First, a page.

The third stage brings us back to Pius V, who established the mysteries and made the Rosary as we know it today popular throughout the whole Church. The mysteries make the Rosary a "Compendium of the Gospel," in the words of Pope Saint John Paul II, because they focus our attention on the principal events in the lives of Jesus and Mary. The word "Rosary" itself is coined by 1597. The essence of the devotion is established.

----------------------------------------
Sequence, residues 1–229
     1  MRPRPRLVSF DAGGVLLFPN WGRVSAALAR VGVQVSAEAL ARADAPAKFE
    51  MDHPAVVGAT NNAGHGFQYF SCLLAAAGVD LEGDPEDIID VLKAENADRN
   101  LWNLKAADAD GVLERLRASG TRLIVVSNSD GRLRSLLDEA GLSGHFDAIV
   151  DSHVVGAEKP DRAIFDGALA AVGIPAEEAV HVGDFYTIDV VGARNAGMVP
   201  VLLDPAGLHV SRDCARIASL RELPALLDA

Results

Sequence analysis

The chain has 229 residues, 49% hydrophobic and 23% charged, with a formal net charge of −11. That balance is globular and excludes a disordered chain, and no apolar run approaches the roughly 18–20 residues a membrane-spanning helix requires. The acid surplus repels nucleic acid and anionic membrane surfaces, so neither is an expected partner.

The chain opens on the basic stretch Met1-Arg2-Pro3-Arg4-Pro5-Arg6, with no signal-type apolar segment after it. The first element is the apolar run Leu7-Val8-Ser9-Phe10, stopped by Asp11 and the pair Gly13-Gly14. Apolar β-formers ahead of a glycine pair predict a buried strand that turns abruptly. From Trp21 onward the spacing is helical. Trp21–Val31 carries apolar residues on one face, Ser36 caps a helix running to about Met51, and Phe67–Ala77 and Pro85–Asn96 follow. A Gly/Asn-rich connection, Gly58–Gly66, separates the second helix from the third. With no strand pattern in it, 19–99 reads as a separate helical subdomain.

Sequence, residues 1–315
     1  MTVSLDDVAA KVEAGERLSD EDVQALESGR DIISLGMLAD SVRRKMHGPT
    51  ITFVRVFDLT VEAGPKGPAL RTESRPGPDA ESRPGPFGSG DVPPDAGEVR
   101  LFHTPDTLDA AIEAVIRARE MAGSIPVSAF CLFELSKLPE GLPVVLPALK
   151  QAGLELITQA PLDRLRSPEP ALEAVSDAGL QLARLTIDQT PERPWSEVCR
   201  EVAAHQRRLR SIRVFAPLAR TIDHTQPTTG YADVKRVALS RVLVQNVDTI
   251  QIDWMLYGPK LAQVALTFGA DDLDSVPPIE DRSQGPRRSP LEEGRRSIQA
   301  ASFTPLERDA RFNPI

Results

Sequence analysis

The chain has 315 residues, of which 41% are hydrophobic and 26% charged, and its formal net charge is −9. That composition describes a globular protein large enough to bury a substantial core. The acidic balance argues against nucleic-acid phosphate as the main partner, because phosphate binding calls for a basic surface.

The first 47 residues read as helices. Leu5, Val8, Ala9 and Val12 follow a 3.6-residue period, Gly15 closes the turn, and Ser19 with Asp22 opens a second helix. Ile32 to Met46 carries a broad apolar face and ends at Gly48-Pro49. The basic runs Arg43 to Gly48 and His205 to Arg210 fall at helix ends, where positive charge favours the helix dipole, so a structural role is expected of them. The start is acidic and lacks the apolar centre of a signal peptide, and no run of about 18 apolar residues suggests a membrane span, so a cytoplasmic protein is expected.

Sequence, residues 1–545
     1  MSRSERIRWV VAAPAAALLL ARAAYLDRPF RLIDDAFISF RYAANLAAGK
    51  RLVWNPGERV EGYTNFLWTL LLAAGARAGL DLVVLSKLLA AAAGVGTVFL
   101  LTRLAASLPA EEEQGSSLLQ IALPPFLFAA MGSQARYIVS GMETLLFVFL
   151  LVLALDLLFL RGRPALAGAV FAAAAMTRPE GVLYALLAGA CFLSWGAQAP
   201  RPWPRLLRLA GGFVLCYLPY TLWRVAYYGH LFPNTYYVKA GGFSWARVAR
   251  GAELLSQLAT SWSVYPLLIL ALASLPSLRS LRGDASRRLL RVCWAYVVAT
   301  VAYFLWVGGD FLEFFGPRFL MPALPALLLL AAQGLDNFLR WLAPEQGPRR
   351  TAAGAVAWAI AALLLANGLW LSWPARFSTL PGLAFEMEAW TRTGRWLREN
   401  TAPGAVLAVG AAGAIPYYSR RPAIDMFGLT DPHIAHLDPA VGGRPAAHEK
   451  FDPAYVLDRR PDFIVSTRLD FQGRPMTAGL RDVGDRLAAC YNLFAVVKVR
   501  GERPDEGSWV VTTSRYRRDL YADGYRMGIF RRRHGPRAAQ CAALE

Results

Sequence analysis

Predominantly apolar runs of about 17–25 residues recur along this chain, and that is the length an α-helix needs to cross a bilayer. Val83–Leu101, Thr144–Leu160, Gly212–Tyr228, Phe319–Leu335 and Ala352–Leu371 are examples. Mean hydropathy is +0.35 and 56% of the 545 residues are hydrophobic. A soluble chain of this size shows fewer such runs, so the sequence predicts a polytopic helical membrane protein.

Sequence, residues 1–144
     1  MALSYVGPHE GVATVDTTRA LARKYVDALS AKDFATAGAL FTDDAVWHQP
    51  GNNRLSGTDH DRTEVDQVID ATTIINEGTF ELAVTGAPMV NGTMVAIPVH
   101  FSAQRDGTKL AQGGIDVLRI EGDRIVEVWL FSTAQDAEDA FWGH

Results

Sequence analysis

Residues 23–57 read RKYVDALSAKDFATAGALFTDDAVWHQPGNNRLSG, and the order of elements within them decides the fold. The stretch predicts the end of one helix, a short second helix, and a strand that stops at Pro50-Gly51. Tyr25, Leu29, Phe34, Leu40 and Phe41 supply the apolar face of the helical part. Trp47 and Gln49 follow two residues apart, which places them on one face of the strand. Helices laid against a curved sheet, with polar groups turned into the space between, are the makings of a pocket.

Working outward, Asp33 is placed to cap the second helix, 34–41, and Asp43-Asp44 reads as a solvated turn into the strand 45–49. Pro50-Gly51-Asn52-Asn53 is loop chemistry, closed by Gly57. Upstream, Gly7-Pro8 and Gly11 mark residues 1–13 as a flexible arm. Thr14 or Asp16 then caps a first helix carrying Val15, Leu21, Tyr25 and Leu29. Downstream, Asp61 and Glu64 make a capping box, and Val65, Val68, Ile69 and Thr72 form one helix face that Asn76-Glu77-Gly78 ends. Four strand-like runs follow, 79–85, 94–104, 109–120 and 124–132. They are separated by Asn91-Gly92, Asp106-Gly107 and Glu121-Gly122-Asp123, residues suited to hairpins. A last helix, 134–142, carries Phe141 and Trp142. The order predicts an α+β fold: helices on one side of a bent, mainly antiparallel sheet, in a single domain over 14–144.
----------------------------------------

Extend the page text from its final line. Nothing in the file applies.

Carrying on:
As time has passed, additions are made which expand the richness of this great prayer.
The Fatima Prayer is added in 1917 at the request of Mary herself.
Pope Saint John Paul II adds the Luminous Mysteries in order to include the stories between Jesus' adolescence and Passion.
All of this came to pass because Pius V saw the importance of promoting the growth of the Rosary, which itself began in the hearts of the faithful and was confirmed by Heaven in the vision of Mary to Saint Dominic.